A Glimpse into 2 Towns: Parika and Bartica

The danger with travel writing is that writers can create false expectations about the world’s beauty for their readers. In my experience (though maybe I’m looking in the wrong publications), travel articles tend to extol the beauty, fun, marvelousness, *pick a positive adjective* of X, Y, and Z of Earth. Few talk about the “ugly” side of the world and tell us to go visit anyway. While there’s no denying that there are a lot of lovely places in this world, there are also a lot of places that won’t be winning any “Best Of” competitions any time soon. And that’s okay. Places like that make us appreciate the pretty things more and to me, such places are interesting simply because they are part of someone’s way of life. I fully appreciate the fact that I can say I find “ugly” places interesting because I have the luxury not having to live in it. But I still say that “different” forces you to hunt for things to which you can connect, forces you to make an effort in seeing beyond the façade.

A trip down the Essequibo generally starts at a town called Parika – if you’re planning to explore the river, this is where you’ll probably pick up your boat. Parika is located in the northern part of the Essequibo and this town of about four thousand people definitely has a bit of a rough-edged feel to it. It was a clean place, though, and was busy with markets, people, and boats/ferries. Markets seem to be a big thing for Parika – people who live along the northern part of the Essequibo come here to sell their produce daily. The main focus is the Sunday Market, though. Parika has everyone working, from youths to older folk, and other random business such as fast food joints are opening up here. So while Parika gives the impression of ‘hard life’, there is also a lot of development happening. Congestion and cramped quarters is a problem already and I can only hope that someone sends a city planner out there to help Parika through its growing pains.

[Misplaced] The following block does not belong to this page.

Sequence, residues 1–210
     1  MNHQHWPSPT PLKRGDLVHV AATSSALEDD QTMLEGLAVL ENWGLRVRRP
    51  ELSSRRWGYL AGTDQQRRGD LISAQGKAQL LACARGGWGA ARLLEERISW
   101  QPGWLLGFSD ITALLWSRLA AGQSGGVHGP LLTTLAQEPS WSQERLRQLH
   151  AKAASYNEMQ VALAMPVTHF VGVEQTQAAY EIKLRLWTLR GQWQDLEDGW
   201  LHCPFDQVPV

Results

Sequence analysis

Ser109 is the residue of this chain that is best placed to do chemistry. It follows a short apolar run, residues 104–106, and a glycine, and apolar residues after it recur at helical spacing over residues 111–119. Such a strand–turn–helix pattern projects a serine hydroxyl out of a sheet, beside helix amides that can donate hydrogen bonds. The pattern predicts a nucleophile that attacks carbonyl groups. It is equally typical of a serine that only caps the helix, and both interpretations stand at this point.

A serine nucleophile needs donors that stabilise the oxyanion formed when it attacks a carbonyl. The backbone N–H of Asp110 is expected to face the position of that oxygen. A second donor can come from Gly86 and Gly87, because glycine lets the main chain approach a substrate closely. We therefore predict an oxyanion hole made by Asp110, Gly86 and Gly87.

Further south on the Essequibo, there is another town called Bartica. It is much larger than Parika, with a population of 15,000 people. It is also considered to be the “gateway to the interior” of Guyana – this is because here is where people generally leave from to start jobs in the bush and here is where they tend to return if not going home. What’s in the bush besides beautiful hardwoods and giant spiders, you ask? Gold and diamonds…and lots of it. Bartica has a long history of being where miners picked up their supplies and sold their newly dug up treasures. Today, though, many employers just fly their miners to the interior from Georgetown. But many people still use Bartica as it was throughout history – just not to the same extent anymore.